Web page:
The welcome growth that we are finally witnessing in the UK economy has been a long time coming. With our economy still vulnerable, we warned in 2010 that the Chancellor’s decision to accelerate tax rises and spending cuts would hit confidence and choke off our economic recovery, and so it has proved. We have had the slowest recovery for 100 years. Growth is still lower than was forecast in 2010, and it is set to be slower this year and next year than it was last year. Productivity is down—UK output per hour has fallen to 17% below the rest of the G7, the largest gap since 1991—but the Chancellor did not once mention the word “productivity” during his speech. For working people, we have an economy in which too many workers suffer low pay or, worse, are on contracts with no guarantee of being paid at all.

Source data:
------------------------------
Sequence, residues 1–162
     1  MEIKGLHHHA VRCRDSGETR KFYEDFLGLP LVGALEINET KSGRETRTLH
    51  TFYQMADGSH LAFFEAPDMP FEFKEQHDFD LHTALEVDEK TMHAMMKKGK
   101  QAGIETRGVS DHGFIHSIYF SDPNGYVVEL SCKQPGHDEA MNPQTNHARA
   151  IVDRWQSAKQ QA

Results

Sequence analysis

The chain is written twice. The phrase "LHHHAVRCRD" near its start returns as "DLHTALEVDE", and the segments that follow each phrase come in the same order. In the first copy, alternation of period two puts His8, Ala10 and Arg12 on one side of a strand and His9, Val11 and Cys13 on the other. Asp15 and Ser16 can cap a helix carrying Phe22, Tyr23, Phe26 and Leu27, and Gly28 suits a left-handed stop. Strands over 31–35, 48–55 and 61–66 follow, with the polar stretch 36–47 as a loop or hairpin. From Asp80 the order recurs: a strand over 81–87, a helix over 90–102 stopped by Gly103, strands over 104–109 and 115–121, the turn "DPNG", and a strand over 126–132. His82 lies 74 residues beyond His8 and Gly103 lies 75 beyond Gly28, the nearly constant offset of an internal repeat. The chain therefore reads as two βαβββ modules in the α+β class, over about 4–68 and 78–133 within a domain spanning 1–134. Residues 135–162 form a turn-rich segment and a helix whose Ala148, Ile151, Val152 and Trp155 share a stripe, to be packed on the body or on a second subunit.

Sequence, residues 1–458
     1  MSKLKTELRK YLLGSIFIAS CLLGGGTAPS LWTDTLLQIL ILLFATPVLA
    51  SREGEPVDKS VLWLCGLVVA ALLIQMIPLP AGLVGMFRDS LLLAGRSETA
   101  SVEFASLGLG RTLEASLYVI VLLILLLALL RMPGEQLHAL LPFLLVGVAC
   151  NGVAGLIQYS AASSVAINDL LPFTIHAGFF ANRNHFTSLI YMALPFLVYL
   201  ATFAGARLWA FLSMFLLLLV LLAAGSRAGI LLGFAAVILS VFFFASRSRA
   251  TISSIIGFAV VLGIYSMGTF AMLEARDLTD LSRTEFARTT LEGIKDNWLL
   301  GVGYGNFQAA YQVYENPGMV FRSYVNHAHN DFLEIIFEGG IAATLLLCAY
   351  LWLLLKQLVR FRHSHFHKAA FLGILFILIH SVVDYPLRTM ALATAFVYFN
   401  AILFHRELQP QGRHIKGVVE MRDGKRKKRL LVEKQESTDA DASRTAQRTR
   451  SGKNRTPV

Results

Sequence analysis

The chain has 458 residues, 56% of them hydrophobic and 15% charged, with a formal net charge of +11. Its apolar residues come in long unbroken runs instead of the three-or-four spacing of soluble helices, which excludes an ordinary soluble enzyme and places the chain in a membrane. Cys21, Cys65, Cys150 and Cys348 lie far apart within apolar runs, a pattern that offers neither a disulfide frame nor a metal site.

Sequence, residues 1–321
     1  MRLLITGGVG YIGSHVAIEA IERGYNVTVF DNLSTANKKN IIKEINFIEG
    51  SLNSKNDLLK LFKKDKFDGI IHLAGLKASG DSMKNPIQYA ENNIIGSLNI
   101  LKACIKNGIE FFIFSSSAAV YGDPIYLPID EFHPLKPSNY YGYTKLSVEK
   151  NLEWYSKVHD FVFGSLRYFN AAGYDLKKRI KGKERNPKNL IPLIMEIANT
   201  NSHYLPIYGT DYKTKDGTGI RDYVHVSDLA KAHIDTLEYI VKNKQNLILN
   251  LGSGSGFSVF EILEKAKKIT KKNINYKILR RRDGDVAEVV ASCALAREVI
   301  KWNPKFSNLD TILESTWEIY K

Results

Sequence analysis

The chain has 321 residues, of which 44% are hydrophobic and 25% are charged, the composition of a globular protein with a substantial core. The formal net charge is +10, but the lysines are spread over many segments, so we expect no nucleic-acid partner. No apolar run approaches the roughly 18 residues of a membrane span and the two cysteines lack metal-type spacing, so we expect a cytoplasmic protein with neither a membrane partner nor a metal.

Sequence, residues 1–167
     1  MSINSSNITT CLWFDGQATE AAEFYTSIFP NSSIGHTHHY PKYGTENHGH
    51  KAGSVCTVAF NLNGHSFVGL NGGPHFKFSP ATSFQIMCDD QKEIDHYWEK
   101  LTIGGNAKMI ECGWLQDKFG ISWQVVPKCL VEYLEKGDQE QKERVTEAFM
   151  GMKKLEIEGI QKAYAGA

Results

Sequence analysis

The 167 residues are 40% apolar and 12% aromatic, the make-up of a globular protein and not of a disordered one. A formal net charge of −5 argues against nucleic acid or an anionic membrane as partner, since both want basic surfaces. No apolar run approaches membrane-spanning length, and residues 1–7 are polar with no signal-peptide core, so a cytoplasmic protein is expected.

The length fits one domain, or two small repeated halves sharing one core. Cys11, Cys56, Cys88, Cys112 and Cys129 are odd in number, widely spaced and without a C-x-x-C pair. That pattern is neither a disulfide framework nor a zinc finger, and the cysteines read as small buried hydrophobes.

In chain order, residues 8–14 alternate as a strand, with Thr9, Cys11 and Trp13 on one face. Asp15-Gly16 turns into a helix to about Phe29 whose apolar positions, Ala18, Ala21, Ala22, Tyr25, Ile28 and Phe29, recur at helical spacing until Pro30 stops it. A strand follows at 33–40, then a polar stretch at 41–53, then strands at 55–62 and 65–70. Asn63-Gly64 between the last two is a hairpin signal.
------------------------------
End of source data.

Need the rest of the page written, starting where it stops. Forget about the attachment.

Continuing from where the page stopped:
Our economy may be growing, but it remains too unproductive, unbalanced and insecure. We needed a Budget that addressed those issues, and that established a proper British investment bank for small and medium-sized businesses and an independent national infrastructure commission, which would lead to a properly co-ordinated industrial strategy. The uplift on business rates awarded to Greater Manchester and Cambridge is welcome—it was Labour’s policy, after all—but why has the Chancellor stopped there? Why has he not gone further? Our plan is for more extensive devolution—£30 billion-worth—and for it to be countrywide, whether people choose to have an elected mayor or not. Every part of the country will benefit from Labour’s plans. For prosperity to be shared, it must be felt by the many, not the few.